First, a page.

Feb 8, 2016 | Featured in: Watching Backyard Birds, February 2016

Bird Meteorologists

Does a busy bird feeder mean that a bad weather is coming?
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In the fall, when my Dad spotted the first junco (snowbird) on our farm, he told us all that it would be six weeks until the first trackable snow. He marked the date on the calendar. If the snow fell near the predicted date, Dad would marvel aloud at what an amazing prophet a snowbird was. If the date wasn’t close, the failed feathered seer was not mentioned.

Sometimes the juncos were right. Sometimes the weatherman on TV is right. Here are some sayings about avian meteorologists:

  • Birds fly lower before a storm.
  • A busy bird feeder means bad weather is coming.
  • Birds singing in the rain means the rain will soon stop.
  • Birds eat more just before a storm.
  • When birds stop singing and the trees start swinging, a storm is on its way.
  • When birds eat a lot and then disappear, a terrible storm is very near.
  • If a crow hollers in the morning, expect rain by night.
  • If crows fly in pairs, expect fine weather. A crow flying alone is a sign of foul weather.
  • When the grouse drum at night, there will be a deep fall of snow.
  • Hawks flying high means a clear sky; when they fly low, prepare for a blow.
  • Cranes aloft, the day is soft; swallows soar, good weather more.
  • A robin singing at dawn while facing west means a change in weather by noon.
  • If the robin sings loudly from the topmost of trees, expect a storm.
  • When woodpeckers peck low on the trees, expect warm weather.
  • The loon calls loudest before the storm.

About Al Batt

Al Batt is a writer, speaker, storyteller, and humorist. His first book is a collection of his stories, A Life Gone to the Birds, published by BWD Press. Order this book from our nature shop »

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  • I have experienced this when a house wren punctured 5 blue bird eggs last spring in our blue bird box. Then I hung out a wren box by the trees and he got busy filling it and left the bluebirds alone and they successfully raised another brood!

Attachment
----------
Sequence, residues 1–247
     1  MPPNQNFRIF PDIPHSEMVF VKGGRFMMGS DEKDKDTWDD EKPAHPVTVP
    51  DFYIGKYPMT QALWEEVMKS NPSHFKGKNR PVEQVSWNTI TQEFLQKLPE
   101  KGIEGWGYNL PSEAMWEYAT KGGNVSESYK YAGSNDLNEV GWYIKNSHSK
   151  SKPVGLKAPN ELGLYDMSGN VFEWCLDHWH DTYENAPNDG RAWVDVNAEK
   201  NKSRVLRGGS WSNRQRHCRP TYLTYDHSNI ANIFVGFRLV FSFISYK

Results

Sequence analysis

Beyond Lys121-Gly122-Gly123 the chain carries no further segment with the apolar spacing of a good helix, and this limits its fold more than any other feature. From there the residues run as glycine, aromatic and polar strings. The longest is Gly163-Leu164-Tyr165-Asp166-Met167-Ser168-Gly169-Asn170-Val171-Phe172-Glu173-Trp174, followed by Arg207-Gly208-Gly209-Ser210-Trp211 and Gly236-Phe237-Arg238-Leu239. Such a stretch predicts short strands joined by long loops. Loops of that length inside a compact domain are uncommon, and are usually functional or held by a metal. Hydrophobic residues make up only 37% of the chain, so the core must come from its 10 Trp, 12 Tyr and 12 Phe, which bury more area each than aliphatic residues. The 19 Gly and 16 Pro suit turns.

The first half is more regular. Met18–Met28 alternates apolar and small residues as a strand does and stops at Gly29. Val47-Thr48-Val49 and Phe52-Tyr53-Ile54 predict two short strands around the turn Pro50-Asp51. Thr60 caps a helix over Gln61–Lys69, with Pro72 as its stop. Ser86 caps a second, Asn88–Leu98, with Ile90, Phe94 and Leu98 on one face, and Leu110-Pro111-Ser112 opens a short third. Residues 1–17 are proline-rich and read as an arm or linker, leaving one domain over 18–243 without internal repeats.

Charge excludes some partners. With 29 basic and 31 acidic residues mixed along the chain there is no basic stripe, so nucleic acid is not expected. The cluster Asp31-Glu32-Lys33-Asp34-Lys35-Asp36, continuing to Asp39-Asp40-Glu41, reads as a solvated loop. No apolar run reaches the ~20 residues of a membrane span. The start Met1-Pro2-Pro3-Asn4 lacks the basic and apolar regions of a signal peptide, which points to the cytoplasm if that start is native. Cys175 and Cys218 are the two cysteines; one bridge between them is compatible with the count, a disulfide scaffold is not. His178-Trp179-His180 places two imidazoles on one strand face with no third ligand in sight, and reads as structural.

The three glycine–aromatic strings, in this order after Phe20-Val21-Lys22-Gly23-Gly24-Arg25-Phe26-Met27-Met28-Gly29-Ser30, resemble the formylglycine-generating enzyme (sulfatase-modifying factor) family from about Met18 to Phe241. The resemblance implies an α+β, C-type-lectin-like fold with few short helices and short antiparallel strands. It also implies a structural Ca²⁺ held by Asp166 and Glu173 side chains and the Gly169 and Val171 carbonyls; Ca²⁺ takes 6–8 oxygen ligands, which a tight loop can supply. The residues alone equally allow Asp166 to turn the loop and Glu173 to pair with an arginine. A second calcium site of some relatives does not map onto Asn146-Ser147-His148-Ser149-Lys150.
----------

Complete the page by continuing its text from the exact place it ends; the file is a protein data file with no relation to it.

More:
by Susan, Sun, 07 Apr 2019
  • I also have several turkeys that live in the woods behind me. They visit early morning and near sundown. Living in the country with a mountain and brook behind my house, I have animals visiting 24hrs a day. My turkeys are awesome. They know me and wait for their breakfast. They hop up on my patio wall to look in my windows. I also noticed the 2 birds that are the lookouts. They come over to eat as the others march across my lawn to my neighbor who also feeds the animals. We also have coyotes that, I am sure, have eaten turkey dinner. The squirrels run around and chase them to protect their seeds and cracked corn. I feed my 3 raccoons peanut butter jelly sandwiches, which they share with a possum and 3 skunks, at the same time, by the way. No food goes into my garbage. Meat scraps go to crows and hawks. Everything else, even soup, gets eaten before the sun is completely set. That keeps bears away if no dishes are there to entice. I break up bread in tiny pieces now and turkeys 'gobble' it up. So happy to find another person that enjoys wildlife. Nothing is more satisfying than walking out side and spotting Daisy the skunk, calling her name and watching her tripping all over herself, running to meet you. Thank you for your valuable information.
    by Stella Kachur, Wed, 27 Mar 2019
  • This is exactly my experience. The local feed store had some on sale so I thought I'd try some. Actually I was shocked at how it is avoided, and I've been feeding birds for more than 40 years. I suppose I've never had it out as the ONLY food source, but when I put it out along with the blackoil, peanuts, cracked corn and suet cakes, absolutely nothing would touch it. Even when I dumped some on the ground the rabbits wouldn't eat it, nor would the squirrels. Eventually some turkeys and deer ate some--when they could find nothing else underneath the other feeders. But even they left plenty on the ground which they NEVER do with cracked corn, sunflower, etc.Every person should try some if they're inclined and decide for themselves since every situation may be a bit different, but for me/my species, safflower is a big no.
    by Colin Croft, Sun, 03 Mar 2019
  • I have questions about the Zick Dough? It says not to use in cold weather. It is still in the 40s here. Too soon? How long should I expect a supply to last? And, use a tray feeder? Thanks.
    by martindf, Sun, 25 Nov 2018
  • Glad I found this. I'm a snowbird and was worried about all the birds that come to feed at my birdfeeder. I have Cardinals, sparrows, doves, Blue Jays, chickadees. I hope they'll find food elsewhere while I'm gone.
    by Donna, Sat, 03 Nov 2018